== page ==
A longtime shark advocate has published a video showing him surrounded by oceanic blacktip sharks while he calmly discusses why sharks should not be perceived as vicious man-eaters.
"I can feel them bumping my legs below me. They're surrounding me, they're going around me," Skyler Thomas says at the beginning of the footage, captured at Aliwal Shoal in South Africa. "And at any time, obviously, these sharks – these apex predators – can take me out effortlessly. Why aren't they?"
Thomas, who on Thursday uploaded his footage to YouTube, attempts to answer that question while keeping his arms close to his body as large sharks circle and inspect him.
If this seems like a foolish way to deliver a message, it might seem more so given that Thomas' boat crew was chumming with bait to keep the sharks close.
Near the end of the footage a shark appears to lunge toward the diver's face, and Thomas half-flinches.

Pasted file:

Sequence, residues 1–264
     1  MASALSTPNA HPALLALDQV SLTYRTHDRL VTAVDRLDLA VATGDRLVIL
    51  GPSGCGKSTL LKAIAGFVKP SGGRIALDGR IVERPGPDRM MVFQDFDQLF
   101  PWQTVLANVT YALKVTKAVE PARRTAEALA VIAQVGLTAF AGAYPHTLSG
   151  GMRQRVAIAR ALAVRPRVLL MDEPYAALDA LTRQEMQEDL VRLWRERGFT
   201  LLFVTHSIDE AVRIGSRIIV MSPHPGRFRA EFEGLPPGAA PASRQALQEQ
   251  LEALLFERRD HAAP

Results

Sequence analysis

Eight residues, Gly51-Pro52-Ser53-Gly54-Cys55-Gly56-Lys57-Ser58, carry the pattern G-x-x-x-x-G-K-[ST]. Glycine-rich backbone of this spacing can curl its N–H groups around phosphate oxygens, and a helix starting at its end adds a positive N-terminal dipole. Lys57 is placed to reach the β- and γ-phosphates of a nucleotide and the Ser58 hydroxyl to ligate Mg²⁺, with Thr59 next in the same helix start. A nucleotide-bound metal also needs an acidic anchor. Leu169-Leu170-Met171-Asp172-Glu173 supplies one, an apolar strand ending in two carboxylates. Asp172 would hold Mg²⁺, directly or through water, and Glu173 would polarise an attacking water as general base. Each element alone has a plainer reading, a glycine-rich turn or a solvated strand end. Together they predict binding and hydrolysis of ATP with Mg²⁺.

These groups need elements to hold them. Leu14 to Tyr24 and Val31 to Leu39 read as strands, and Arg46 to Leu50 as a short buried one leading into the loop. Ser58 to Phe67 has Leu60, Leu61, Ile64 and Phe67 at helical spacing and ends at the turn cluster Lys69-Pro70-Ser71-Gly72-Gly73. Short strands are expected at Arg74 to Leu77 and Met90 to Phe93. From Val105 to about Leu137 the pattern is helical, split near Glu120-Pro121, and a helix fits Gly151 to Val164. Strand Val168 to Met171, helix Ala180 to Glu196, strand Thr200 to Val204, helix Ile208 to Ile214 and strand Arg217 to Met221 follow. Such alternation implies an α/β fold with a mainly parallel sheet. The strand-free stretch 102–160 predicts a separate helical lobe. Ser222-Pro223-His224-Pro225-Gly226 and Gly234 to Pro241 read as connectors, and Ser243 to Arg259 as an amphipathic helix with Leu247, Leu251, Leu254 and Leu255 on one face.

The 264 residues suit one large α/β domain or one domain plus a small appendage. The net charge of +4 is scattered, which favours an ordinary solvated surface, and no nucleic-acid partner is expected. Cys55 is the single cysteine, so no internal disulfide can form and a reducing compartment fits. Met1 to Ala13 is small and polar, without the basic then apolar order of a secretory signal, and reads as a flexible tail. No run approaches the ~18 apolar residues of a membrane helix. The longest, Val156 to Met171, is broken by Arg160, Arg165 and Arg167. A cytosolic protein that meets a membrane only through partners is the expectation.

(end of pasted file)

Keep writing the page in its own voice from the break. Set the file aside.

He wrote Wednesday in his Facebook video description that the shark was merely going after a piece of chum.
Blacktip sharks, which are found in tropical and temperate coastal waters around the world, are not notorious threats but have been implicated in 28 non-fatal attacks, according to the International Shark Attack File.
Blacktips are listed as near-threatened by the International Union for Conservation of Nature.
Because they inhabit coastal waters, they're highly vulnerable to various forms of commercial fishing.
In South Africa, the sharks are among several large marine critters that become entangled in nets designed to make beaches safer for swimmers and surfers.
Thomas told GrindTV that he planned his impromptu shark talk after scuba diving with his crew.
"The dive guide is also very against the shark nets and said, 'Why don’t you say a few things about the sharks while you’re still in the water with them at the surface?' Thomas said. "Then they started throwing bait around me to keep the sharks in the area. So it was unplanned and unscripted."
Thomas added that social media response, for the most part, has been positive.
In early August, Thomas cut his wrist and swam among blacktip sharks to try to prove that blood does not whip the apex predators into a frenzy.
Videos of both endeavors inspired critics to dare Thomas to try similar stunts with great white sharks or tiger sharks and see what happens.
His response: "I'm happy to; they just need to raise funds for the trip."
More about sharks from GrindTV